Our mission is to increase endometriosis awareness, fund landmark research, provide advocacy and support for patients, and educate the public and medical community.
Founders: Padma Lakshmi, Tamer Seckin, MD
Donate Now

Enpowr Promoting Outreach and Recognition - Nina Baker

Enpowr Promoting Outreach and Recognition - Nina Baker

Endofound Medical Conference 2017
"Breast, Ovary and Endometriosis"
October 28, 2017 - Lotte New York Palace Hotel

Enpowr Promoting Outreach and Recognition

Nina Baker

Good morning. My name is Nina Baker and I'm the education and outreach coordinator for the Endometriosis Foundation.

As you know, endometriosis is a debilitating disease with many symptoms, ranging from severe chronic pain to infertility. As a result, endometriosis can cripple finances, relationships, academic endeavors and career aspirations. This is why early detection, specifically in adolescence, is key to improving quality of life and alleviating poor health outcomes.

To address this issue, Endofound launched its ENPOWR Project, Endometriosis: Promoting Outreach and Wide Recognition, a school and community-based endometriosis education program that arms adolescents with menstrual health information, including disease signs and symptoms.

ENPOWR aims to increase disease awareness and promote treatment-seeking behavior through a dynamic interactive lesson highlighting disease symptoms and treatment options. Each lesson given to both male and female students includes differentiated instruction, encourages participation and equips adolescents with the necessary tools to serve as advocates for their own health.

Sessions conclude with a call to action, in which attendees are encouraged to take the plunge and share information they learned with their friends and family to help further disseminate this critical information.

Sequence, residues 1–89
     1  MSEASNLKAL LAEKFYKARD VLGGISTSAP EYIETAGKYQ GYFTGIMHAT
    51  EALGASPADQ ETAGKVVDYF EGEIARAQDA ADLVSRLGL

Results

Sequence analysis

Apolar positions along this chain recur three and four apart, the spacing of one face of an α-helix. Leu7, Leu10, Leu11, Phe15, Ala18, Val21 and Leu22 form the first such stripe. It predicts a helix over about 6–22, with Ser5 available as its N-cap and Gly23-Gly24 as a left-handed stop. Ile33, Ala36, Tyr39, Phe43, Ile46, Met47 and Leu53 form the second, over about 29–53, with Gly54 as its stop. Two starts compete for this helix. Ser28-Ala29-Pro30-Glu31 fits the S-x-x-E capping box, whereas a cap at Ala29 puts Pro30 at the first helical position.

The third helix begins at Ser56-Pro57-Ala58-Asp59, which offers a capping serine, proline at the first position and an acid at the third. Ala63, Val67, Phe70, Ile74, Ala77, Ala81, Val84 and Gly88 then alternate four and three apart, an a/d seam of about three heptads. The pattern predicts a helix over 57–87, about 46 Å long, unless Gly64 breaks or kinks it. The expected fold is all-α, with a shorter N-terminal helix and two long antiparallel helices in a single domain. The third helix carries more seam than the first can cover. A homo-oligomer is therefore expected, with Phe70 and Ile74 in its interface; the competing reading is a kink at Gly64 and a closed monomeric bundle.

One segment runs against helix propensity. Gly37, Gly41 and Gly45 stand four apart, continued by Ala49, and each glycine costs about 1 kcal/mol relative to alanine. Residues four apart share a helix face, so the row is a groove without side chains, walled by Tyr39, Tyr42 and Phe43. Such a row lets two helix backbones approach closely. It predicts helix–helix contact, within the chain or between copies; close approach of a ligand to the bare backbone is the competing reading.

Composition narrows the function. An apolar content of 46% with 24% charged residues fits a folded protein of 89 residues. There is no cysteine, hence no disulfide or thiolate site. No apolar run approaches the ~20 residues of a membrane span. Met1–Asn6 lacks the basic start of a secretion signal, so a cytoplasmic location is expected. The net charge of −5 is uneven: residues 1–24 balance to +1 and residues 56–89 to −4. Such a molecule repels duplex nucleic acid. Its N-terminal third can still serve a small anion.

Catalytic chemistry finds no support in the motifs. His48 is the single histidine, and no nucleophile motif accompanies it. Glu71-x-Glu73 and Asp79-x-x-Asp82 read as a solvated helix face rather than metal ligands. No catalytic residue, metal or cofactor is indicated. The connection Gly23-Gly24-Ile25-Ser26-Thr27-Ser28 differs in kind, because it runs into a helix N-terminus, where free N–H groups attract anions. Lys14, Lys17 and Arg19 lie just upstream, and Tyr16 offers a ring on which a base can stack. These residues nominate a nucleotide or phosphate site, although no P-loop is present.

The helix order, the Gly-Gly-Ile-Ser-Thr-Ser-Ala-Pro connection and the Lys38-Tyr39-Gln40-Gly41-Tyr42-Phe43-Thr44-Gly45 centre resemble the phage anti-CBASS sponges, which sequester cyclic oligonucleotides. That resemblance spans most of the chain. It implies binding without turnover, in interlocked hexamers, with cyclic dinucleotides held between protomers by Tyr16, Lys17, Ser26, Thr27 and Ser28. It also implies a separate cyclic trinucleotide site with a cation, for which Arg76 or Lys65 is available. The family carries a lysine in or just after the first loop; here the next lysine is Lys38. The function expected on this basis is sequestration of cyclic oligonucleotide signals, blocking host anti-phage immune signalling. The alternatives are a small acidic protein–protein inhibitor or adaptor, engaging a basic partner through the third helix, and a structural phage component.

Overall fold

While in classrooms, we administer a pre-test and post-test to ensure that students are learning and digesting what we think is the most important endometriosis information. We ask questions ranging from "What body system does endometriosis affect?" to "What the best method is to help others?"

As you can imagine, most students have never heard the term 'endometriosis' before, nor do they understand its prevalence. As you can see, there's a vast improvement from their general knowledge, which is basically just an educated guess, to after our presentation. We also use this data to improve upon our lessons every year.

ENPOWR just celebrated its fourth anniversary month. In that time, we have educated 26,237 students through 795 presentations in 160 sites. The first three years of ENPOWR were strictly in classrooms around New York City.

Last year, we created the EduKit, which allows ENPOWR to be implemented anywhere at any time by anyone. Through this model, we have dramatically increased our student numbers due to the incredible dedicated volunteers that we have around the world. As you can see, we're outside of New York now. We've been in Florida, Minnesota, as well as Jamaica, Kenya and Nigeria.

Here are just a few quotes from teachers and students about the impact of the ENPOWR Project. This is actually a real picture of our volunteer in Jamaica presenting the EduKit to their students. I'll just read one to show you how powerful this lesson can be. "One of our students was not going to be able to graduate because she had too many absences. After she heard your presentation, she was diagnosed with endometriosis. Her absences were excused as a result, and she will be graduating in time in June."

If you like any more information about the ENPOWR Project, or how you can volunteer, we, again, rely very heavily on teachers and volunteers outside of New York City to implement it in your own state, in your hometown, so please come find me, or my co-worker Kimberly. I'd be happy to talk to you about it further. Thank you.